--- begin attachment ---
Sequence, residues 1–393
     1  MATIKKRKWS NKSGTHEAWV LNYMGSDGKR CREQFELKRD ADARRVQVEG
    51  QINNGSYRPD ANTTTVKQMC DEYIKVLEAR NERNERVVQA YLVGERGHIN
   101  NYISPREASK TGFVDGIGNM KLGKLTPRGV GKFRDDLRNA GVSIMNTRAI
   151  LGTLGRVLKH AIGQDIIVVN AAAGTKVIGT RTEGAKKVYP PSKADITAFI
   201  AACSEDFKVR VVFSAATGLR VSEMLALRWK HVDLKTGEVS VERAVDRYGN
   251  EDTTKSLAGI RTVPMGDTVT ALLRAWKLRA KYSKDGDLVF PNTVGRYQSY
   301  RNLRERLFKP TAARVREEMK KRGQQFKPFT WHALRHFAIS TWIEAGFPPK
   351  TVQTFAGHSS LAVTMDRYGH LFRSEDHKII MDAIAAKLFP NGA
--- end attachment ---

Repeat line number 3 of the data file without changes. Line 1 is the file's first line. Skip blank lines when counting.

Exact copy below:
    51  QINNGSYRPD ANTTTVKQMC DEYIKVLEAR NERNERVVQA YLVGERGHIN